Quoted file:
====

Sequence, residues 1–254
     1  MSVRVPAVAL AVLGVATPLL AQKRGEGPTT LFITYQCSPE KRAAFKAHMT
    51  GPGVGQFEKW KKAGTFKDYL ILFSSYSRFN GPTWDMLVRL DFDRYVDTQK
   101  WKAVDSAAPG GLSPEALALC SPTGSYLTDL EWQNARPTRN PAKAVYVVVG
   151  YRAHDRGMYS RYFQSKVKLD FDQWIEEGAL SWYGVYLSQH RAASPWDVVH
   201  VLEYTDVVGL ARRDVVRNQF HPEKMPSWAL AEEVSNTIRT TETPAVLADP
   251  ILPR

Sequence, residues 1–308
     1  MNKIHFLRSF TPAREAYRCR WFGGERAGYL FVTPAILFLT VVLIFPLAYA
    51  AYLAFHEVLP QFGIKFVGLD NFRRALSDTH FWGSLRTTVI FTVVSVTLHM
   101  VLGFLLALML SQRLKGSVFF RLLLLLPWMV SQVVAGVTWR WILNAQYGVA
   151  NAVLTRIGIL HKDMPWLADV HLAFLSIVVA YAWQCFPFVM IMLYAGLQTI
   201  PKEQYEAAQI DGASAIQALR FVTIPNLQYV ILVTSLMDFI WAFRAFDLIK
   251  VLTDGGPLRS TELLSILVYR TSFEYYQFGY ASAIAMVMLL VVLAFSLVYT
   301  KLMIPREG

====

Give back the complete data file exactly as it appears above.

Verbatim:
Sequence, residues 1–254
     1  MSVRVPAVAL AVLGVATPLL AQKRGEGPTT LFITYQCSPE KRAAFKAHMT
    51  GPGVGQFEKW KKAGTFKDYL ILFSSYSRFN GPTWDMLVRL DFDRYVDTQK
   101  WKAVDSAAPG GLSPEALALC SPTGSYLTDL EWQNARPTRN PAKAVYVVVG
   151  YRAHDRGMYS RYFQSKVKLD FDQWIEEGAL SWYGVYLSQH RAASPWDVVH
   201  VLEYTDVVGL ARRDVVRNQF HPEKMPSWAL AEEVSNTIRT TETPAVLADP
   251  ILPR

Sequence, residues 1–308
     1  MNKIHFLRSF TPAREAYRCR WFGGERAGYL FVTPAILFLT VVLIFPLAYA
    51  AYLAFHEVLP QFGIKFVGLD NFRRALSDTH FWGSLRTTVI FTVVSVTLHM
   101  VLGFLLALML SQRLKGSVFF RLLLLLPWMV SQVVAGVTWR WILNAQYGVA
   151  NAVLTRIGIL HKDMPWLADV HLAFLSIVVA YAWQCFPFVM IMLYAGLQTI
   201  PKEQYEAAQI DGASAIQALR FVTIPNLQYV ILVTSLMDFI WAFRAFDLIK
   251  VLTDGGPLRS TELLSILVYR TSFEYYQFGY ASAIAMVMLL VVLAFSLVYT
   301  KLMIPREG